5) "lensing in cinematography" - a good 3D image does not have contradicting information regarding depth and the dimensions/sizes of objects. Even "native" 3D movies are usually lensed like traditional 2D movies. That often leads to actors and objects looking like toys or puppets because the size and 3d information calculated in our brains from left eye and right eye images often don't correspond - in real life they always do. Did I mention that the human eye scanning through depth is focussing and superimposing exactly "hand in hand"? Now if the focussing already has been done for us by a cinematogrtapher, results are often very off looking. I remember shots from the final "Harry Potter" movie (3D conversion): blurred people in the background still are in 3d looking like some kind of three dimensional clouds - very strange. In real life they would come in to focus, because we are trying to focus them. Not so in a 3D movie, much less in post conversion.

I rest my case.


Wed Apr 10, 2013 6:10 am
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Post Re: Ranking Spielberg films with the Tiers approach.
NotHughGrant wrote:
People will pay to see older films if they are good.. whether in 3D or not.

If the film is poor, it will just remind everyone how poor it was first time around.


Will people pay first-run wide release prices, much less with a 3D surcharge, to see a re-release though? That's where I think the problem is. The only audience I can see going for it is people who saw and fell in love with the film on TV or home video, and think it would be an incredible theatrical experience. That's why Star Wars was successful in re-release in the late '90s; there was a whole generation of moviegoers who hadn't seen it in theaters, but watched it numerous times on TV or video. I'd argue that problem #1 with Finding Nemo was that they didn't wait long enough to re-release it.

When I've paid to watch re-releases in theaters it was primarily to see a midnight showing, which were half the price or lower than typical movie tickets. The only recent exceptions were theatrical showings of The Lord of the Rings extended editions, which of course were different versions than the initial releases.


Thu Apr 11, 2013 2:39 pm
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Post Re: Ranking Spielberg films with the Tiers approach.
I recently paid to see a 70 mm of Lawrence of Arabia, and even that was barely worth it. I respect that movie, but I don't love it. Now when they did the Bond marathon last year, I was there for every one of them that I could be within a reasonable convenience. Because those movies I love and I had never seen them in theater before. How do you force someone to pay $15, or even $20 in LA, to a see a movie which, whether they liked it or not, they already saw it in theaters when they were younger? You can watch a great movie an infinite number of times, but you can only watch it for the first time once.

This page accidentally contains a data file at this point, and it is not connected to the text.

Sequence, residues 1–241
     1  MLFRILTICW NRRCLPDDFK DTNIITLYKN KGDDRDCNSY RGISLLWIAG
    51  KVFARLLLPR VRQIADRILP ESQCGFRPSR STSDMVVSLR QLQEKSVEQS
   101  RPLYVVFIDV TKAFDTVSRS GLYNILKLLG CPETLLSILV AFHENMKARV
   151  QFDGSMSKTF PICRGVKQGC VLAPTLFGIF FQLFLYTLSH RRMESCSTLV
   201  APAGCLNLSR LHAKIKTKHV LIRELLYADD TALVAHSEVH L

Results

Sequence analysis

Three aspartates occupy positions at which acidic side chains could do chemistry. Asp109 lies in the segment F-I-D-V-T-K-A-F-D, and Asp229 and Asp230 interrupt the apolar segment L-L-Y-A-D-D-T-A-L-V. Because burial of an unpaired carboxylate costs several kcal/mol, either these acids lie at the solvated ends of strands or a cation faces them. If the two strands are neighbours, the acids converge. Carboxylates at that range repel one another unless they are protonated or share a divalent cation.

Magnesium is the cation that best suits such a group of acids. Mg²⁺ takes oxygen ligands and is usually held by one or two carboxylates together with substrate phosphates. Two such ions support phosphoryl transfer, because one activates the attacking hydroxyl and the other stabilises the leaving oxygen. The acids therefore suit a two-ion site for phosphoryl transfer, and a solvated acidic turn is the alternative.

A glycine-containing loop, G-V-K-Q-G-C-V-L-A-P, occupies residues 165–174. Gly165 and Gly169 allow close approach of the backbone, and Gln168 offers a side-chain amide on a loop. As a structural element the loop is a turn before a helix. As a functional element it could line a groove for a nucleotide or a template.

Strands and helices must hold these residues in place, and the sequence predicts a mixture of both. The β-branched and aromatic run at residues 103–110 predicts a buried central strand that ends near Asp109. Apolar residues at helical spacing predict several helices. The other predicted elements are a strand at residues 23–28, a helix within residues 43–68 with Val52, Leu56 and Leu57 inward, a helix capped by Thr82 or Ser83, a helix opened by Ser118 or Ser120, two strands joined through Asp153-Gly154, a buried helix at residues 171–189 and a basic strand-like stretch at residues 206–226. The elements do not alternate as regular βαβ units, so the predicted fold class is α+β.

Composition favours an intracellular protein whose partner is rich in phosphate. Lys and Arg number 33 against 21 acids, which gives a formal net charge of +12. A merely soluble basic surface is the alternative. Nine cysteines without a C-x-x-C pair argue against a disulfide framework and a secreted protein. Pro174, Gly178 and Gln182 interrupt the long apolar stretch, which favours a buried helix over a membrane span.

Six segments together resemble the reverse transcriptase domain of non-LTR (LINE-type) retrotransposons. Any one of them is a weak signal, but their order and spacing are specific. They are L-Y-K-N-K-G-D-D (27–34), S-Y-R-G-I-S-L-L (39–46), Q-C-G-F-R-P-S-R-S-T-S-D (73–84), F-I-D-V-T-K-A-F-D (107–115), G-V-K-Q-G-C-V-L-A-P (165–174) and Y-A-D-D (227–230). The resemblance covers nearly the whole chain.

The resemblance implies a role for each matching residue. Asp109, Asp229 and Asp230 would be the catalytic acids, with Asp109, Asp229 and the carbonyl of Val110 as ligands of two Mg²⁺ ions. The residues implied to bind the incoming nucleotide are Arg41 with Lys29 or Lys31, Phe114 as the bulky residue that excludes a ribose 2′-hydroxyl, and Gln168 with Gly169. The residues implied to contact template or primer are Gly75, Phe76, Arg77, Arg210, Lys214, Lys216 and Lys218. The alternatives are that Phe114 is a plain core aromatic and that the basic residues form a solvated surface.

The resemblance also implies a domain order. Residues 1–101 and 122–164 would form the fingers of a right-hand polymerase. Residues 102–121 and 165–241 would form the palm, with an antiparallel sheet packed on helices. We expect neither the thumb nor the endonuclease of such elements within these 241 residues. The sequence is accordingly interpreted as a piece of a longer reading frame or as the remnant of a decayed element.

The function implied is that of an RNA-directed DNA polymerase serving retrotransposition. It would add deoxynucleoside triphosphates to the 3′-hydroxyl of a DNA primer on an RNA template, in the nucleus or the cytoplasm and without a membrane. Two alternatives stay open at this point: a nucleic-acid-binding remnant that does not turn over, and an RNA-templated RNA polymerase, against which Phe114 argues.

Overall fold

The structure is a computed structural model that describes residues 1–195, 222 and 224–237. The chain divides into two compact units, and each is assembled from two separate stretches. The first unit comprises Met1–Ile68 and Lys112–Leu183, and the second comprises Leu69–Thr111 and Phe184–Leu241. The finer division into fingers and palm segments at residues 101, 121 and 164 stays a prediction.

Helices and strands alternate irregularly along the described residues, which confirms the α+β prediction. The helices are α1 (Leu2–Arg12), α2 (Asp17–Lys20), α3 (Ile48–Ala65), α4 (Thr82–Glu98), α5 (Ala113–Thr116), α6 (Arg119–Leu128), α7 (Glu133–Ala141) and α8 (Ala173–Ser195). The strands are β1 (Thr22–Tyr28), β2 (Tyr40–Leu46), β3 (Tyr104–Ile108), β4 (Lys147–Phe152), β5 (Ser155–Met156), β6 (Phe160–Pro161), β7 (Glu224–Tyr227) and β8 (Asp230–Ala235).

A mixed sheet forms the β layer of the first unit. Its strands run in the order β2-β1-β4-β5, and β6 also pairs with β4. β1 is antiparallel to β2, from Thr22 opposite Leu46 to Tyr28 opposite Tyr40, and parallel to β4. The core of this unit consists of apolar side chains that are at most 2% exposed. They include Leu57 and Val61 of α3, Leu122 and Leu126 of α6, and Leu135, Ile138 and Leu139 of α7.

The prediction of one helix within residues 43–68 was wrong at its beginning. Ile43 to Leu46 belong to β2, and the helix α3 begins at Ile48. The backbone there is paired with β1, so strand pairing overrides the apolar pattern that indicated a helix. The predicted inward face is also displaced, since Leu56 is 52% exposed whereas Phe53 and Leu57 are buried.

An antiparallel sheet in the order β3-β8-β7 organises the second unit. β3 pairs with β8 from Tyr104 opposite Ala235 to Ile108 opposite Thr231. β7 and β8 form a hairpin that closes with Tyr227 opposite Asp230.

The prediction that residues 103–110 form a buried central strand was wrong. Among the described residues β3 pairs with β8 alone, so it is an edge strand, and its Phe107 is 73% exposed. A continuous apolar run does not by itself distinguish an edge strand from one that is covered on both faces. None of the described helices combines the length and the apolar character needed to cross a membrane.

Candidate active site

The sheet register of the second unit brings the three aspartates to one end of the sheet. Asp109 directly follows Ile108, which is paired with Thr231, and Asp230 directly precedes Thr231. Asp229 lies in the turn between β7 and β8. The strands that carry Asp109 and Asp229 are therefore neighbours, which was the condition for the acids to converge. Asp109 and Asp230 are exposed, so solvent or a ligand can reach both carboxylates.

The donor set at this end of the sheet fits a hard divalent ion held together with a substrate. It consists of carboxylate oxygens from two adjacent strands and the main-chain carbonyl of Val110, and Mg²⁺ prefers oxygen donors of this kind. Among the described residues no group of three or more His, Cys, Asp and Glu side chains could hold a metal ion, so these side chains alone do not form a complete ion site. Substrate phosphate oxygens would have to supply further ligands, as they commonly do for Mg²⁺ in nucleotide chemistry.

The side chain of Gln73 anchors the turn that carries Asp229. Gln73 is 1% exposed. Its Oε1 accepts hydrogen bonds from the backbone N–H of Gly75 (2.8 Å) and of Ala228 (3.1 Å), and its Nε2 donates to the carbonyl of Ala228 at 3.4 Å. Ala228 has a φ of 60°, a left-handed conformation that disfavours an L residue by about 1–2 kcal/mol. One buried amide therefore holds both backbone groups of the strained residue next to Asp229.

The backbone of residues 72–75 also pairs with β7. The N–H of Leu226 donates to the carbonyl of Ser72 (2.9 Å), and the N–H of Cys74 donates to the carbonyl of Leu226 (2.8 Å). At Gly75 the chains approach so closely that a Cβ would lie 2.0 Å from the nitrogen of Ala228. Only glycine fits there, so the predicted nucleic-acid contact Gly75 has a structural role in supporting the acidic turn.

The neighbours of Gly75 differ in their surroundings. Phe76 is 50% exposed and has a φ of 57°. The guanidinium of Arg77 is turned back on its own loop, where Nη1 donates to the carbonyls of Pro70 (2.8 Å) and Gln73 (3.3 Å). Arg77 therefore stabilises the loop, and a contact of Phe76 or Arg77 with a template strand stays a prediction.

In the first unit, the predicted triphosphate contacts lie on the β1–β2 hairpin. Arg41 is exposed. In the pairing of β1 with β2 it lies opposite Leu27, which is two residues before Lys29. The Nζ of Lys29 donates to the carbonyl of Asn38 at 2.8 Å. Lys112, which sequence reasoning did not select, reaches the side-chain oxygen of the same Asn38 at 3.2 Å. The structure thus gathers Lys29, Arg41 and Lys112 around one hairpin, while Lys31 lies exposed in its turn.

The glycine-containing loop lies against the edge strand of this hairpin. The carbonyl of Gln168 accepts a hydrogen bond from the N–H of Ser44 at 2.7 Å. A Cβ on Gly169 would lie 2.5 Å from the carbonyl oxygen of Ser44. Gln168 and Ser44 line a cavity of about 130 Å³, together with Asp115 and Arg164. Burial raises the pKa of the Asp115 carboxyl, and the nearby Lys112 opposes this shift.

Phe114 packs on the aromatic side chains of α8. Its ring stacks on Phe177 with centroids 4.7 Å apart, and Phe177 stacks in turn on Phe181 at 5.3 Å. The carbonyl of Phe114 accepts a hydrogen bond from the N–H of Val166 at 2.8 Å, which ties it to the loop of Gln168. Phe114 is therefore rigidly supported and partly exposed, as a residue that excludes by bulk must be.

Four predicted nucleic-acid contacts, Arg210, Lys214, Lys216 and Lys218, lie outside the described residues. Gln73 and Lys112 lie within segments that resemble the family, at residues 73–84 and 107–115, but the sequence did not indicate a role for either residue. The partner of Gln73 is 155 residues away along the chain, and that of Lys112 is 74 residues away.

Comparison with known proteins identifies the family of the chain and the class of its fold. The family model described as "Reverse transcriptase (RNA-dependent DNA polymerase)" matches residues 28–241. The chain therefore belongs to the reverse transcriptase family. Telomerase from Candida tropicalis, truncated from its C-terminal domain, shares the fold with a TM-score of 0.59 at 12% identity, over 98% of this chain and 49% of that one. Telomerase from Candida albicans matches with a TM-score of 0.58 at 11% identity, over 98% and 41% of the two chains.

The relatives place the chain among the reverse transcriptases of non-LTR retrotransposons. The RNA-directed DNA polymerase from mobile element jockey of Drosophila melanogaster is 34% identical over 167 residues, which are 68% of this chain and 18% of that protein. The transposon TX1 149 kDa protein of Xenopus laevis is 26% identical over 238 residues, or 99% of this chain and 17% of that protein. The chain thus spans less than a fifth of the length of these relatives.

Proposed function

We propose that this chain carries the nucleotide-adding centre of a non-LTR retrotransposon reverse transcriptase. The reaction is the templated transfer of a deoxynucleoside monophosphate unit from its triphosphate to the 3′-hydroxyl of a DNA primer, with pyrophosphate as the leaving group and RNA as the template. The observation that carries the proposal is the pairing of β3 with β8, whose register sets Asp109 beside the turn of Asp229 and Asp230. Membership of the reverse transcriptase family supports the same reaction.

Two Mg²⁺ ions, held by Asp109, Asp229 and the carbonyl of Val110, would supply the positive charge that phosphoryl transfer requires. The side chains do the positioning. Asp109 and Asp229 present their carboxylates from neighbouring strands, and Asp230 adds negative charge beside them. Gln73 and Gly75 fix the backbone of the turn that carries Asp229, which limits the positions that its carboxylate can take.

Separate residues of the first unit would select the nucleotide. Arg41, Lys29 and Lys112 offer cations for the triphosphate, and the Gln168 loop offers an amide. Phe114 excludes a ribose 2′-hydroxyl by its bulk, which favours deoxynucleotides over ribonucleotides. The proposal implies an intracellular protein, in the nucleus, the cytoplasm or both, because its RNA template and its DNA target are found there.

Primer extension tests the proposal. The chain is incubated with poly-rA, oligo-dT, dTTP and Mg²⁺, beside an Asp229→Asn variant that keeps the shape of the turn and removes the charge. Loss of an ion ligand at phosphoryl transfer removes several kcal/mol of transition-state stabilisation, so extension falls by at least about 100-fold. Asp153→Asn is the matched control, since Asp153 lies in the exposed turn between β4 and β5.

Thu Apr 11, 2013 9:15 pm
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Post Re: Ranking Spielberg films with the Tiers approach.
Bones wrote:
Classic
Saving Private Ryan: I've never come close to souring on this one. Even the middle sections. Spielberg was given a solid script, and completely knocked every set piece, dialogue scene, and quiet moment out of the park. Even the sentimental ending feels of a piece and completely earned.
Raiders Of The Lost Ark: A perfect adventure movie.
Jaws: A perfect adventure movie. He did it twice, and neither is his best movie. That's... pretty good.
Jurassic Park: Has aged marvelously. I just saw it on the big screen a couple months ago and pretty much everything (other than the herd effects) completely held up. Nearly perfectly paced, in a very modern way. Compare to The Fugitive, the other great 1993 adventure movie. The Fugitive is still a great movie, but its pacing doesn't quite hold up as well as Jurassic Park's.

Classic in Waiting
Lincoln: I agree that more time has to pass before it definitely gets in the Classic tier. Or at I'll need a second viewing. For what it's worth, I am anticipating this DVD release more than other 2012 movie. If I had to guess, I'd slot it in just below Jaws.

Very Very Good
Indiana Jones And The Last Crusade: Lot of fun. A pretty impressive job of recreating the tone of the first one, with some good comedy thrown in.
Minority Report: I think I feel about this one like a lot of people feel about Jurassic Park. The ending isn't quite earned, the plot holes grate on me a little, and some of the action scenes feel oddly antiseptic.

Solid Movies
Hook: I was born in 1983, so I think I'm genetically wired to love Hook. Which I still mostly do.
Catch Me If You Can: Worth it entirely for Chris Walken's scene with his son in the restaurant. Should have been the first Spielberg film to win an acting Oscar. Rest of the movie is good, too.
War Of The Worlds: One of his better directed movies. He loses his way a bit at the very end, but for the first 9/10, Spielberg carries a mediocre script with one fantasticly staged set-piece after another.
Indiana Jones And The Temple Of Doom: Definitely seems better after Crystal Skull. It's a real "Indiana Jones" movie. So, yay.

Some Cracks are Showing
The Lost World: Lightweight sequel.
War Horse: A couple scenes toward the end are pretty tough to sit through, but the first two thirds are very solid.
AI Artificial Intelligence: Am I still allowed to think the ending fell apart completely if I didn't realize until years later that they were advanced robots and not aliens?
The Adventures Of Tintin: Just felt... off to me, somehow. More like Sahara than Raiders of the Lost Ark.
The Terminal: OK, I suppose, but that's about it.
Duel: Maybe I just didn't get it. Seemed like a mid-tier Twilight Zone episode stretched way out.

Bombs
Indiana Jones And The Kingdom Of The Crystal Skull: Very similar to Revenge of the Sith for me. Convinced myself it was pretty good in theaters. But every time I rewatch it--it gets fantastically worse every time.
Always: Yikes.

Shameful
That I still haven't seen Schindler's List.


E.T. - Just rewatched E.T. for the first time in forever. I forgot how amazing it is. Nearly perfect family movie. Definitely Classic tier. Probably just below Jurassic Park for me. It does drag a bit at the beginning of the third act, when E.T. is dying, but that's a pretty minor quibble. Also, I forgot just how much Spielberg stuck the landing on that one. Or, rather, how much John Williams knocked it out of the park.

Also, after rewatching Lincoln four or five times, I'd keep it right where it is, straddling Classic and Very Good. Probably it belongs more to the Very Good tier, since the Classic tier are all movies where Spielberg more or less nailed the ending. With the possible exception of Saving Private Ryan.


Sun Jun 02, 2013 9:46 am
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Post Re: Ranking Spielberg films with the Tiers approach.
Bombs: Super 8, Crystal Skull


Thu Jun 06, 2013 2:20 am